This Is The Key Difference Between New GM And Old GM

Gm general motors american flagREUTERS/Rick WilkingThe U.S. flag flies at the Burt GM auto dealer in Denver June 1, 2009.

Morningstar analyst Matthew Young published a research note on Wednesday in which he summarized the performance of numerous companies in his coverage area.

One of them is General Motors. Wall Street hasn’t been all that kind to GM in 2014, but Young likes the stock.

He also offered this critical insight into why GM is a better company post-bankruptcy than it was before its crisis during the Great Recession.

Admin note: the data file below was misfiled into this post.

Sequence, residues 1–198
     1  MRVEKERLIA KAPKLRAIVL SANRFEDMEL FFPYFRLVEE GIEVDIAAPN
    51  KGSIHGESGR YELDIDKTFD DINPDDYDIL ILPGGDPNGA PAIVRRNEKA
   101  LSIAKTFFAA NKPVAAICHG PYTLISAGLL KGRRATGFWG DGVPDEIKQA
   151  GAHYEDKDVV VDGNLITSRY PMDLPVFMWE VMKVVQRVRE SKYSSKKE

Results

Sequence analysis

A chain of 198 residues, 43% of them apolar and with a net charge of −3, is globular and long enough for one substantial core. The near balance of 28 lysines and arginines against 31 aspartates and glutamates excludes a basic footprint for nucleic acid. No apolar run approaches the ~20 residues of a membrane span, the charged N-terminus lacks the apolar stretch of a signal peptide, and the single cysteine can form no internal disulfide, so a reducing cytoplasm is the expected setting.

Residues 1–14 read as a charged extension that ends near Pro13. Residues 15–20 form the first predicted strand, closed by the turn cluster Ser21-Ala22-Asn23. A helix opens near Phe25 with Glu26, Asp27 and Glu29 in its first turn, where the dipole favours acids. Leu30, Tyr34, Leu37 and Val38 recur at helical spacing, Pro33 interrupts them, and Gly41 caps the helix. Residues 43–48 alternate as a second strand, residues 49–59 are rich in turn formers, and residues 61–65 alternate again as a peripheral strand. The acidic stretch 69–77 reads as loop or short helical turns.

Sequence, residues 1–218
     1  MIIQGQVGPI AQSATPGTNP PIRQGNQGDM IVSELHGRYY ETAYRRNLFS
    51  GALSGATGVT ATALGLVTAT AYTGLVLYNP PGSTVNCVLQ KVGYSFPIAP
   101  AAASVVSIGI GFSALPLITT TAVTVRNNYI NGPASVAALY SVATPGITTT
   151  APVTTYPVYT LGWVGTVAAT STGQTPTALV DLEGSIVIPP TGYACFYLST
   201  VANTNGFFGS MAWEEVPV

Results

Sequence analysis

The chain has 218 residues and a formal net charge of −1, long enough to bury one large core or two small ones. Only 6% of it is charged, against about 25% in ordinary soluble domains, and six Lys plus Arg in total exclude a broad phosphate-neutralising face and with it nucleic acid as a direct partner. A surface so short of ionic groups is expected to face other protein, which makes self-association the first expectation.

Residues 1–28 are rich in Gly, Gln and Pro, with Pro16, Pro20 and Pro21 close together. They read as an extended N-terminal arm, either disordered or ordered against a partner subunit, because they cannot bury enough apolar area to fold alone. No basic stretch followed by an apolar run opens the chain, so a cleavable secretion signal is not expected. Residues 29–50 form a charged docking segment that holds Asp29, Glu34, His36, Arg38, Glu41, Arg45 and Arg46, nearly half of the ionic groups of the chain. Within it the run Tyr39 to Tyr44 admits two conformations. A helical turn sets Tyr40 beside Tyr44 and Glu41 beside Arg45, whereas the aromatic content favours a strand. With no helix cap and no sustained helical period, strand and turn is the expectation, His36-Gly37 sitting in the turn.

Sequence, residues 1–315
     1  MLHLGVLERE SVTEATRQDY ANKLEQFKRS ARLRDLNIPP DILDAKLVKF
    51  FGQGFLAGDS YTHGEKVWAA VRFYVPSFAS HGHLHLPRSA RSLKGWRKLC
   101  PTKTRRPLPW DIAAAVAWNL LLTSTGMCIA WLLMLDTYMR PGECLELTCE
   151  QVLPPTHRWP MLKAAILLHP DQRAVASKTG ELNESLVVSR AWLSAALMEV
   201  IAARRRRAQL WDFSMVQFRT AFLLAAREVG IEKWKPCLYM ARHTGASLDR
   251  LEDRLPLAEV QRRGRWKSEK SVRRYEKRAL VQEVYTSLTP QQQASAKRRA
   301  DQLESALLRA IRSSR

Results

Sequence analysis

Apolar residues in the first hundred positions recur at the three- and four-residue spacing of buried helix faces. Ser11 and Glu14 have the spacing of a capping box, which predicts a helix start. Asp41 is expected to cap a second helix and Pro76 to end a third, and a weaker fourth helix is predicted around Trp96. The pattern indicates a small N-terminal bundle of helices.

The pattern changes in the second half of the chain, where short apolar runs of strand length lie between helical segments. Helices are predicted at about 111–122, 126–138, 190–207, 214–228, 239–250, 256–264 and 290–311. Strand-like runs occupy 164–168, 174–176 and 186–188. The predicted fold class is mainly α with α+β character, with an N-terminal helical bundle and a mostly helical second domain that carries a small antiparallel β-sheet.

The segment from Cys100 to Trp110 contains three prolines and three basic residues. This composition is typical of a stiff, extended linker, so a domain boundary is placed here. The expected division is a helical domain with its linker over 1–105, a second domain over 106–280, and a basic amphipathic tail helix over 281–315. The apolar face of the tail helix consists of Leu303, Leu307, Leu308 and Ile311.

“Old GM broke even with 25% U.S. share and a U.S. industry sales level of 15.5 million units, while new GM breaks even, depending on mix, at just 18%-19% share of 10.5 million to 11 million U.S. industry units,” Young wrote.

In other words, new GM is a much leaner, meaner, and more agile company than old GM ever was. 

And with new car sales in the US likely to get close to 17 million for 2014, GM is way above its break-even point.

GM has been trading modestly higher this week and was at $US35 a share mid-morning on Wednesday.



This story was originally published by Morningstar.

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